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The New Times – Rwanda
There is a lot of stigma surrounding cancer patients both during the treatment process and survivorship, a situation that needs more sensitisation among people, according to experts and survivors.
The survivors and experts were speaking on Friday at the Kigali innovation village in an event organised by Rwanda Children’s Cancer Relief, a non-profit organization focusing on raising awareness of childhood cancers.
In 2018, according to world health organisation, Rwanda had 10,704 new cases of cancer, with cervical, breast, and colorectal cancers being the most rampant.
Although statistics about cancer stigma are not available, Dr. FideleRubagumya, a Clinical Oncologist at the Rwanda Military Hospital, said many people are ignorant about cancers, and this contributes to stigmatization of patients.
Rubagumya said he has encountered patients that were facing stigma during his practice as a doctor. Due to ignorance about cancer, he saw some lose partners; while others were stigmatized by relatives, among other things.
He shared a story of a young woman, a cancer patient, who refused to have surgery on her breast because she feared that her husband would leave her.
“I explained to her that we were going to give her chemotherapy, after which we would carry out a surgery to remove the tumour. She took the chemo, but refused the surgery because she feared that her husband would go,” he said.
“Because the chemo had made the tumour shrink, she thought she was cured. She went home. After four months, she came back with a huge mass. By this time, I heard that the husband had already left her,” he added.
According to Rubagumya, cancer patients go through such stigma. In some cases, some get isolated due to the ignorant belief that the disease is contagious.
Yet, he said that stigma can even spread more during survivorship, where for instance, spouses separate because one of them discovers that another is a cancer survivor.
Karen Bugingo, a cancer survivor, and author of “My name is Life” said that many people don’t understand survivorship, and they tend to ask a number of questions concerning their normality,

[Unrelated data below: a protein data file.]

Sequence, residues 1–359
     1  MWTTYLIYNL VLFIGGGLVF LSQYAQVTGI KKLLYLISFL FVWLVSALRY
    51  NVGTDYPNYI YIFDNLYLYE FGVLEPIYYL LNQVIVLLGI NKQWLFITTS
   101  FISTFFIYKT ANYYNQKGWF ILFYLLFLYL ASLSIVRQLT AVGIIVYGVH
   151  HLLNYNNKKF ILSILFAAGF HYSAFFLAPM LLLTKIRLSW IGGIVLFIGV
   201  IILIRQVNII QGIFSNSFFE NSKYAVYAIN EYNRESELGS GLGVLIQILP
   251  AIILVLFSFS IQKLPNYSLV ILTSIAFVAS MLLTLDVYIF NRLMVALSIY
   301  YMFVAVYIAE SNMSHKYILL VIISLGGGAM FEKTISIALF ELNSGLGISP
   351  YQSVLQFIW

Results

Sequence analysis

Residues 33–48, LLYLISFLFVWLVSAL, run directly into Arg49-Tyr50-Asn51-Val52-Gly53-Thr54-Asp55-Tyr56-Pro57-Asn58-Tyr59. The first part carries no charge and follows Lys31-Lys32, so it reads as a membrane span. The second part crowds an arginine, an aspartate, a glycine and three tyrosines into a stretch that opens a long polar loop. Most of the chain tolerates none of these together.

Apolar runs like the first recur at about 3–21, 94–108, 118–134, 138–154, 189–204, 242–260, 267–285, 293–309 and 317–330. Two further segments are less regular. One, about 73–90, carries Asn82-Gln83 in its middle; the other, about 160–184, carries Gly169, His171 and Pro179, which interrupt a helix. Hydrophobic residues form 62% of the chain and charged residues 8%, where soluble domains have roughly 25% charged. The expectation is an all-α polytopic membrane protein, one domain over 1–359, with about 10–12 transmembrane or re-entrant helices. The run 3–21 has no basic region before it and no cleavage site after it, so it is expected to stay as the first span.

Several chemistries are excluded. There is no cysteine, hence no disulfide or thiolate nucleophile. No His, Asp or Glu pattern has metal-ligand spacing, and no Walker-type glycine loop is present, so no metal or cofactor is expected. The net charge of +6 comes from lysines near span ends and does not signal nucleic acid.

“Some people ask me, ‘Are you really cancer free?’” she said.
“People don’t understand when I tell them that I don’t take any medicine now, I don’t need any pill before going to bed,” she said.
Bugingo was diagnosed with stage four lymphoma in 2012. Lymphoma is a cancer that begins in infection-fighting cells of the immune system, called lymphocytes. These cells are in the lymph nodes, spleen, thymus, bone marrow, and other parts of the body.
Despite being at stage four (the last stage of cancer) she was able to heal and seven years later, she is sensitizing people about cancer.
She said that the best way to recover from cancer is having hope that you will be well. For her, you need to be mentally strong, and not lose hope as you fight for your life,
“People talk many things about cancer. They say its incurable, and if you have it you are going to die. However, I am a living testimony that someone can be free from cancer. I am a survivor, and if survivors are there, the cure is there” she said.
Bugingo added that believing in God was very important during and after her sickness. She said it helped her to keep hope during the sickness, and she says she developed a good relationship with God even after recovering.
DeodatusRubayita, one of the youth who attended the event admitted to knowing little about how to behave around a friend or a family member suffering from cancer.
Bugingo said the best way to act when you are around a cancer patient is not to treat them as a fragile people, but rather as just normal, as if nothing has changed,
“They also need to have that sense of normality,” she said.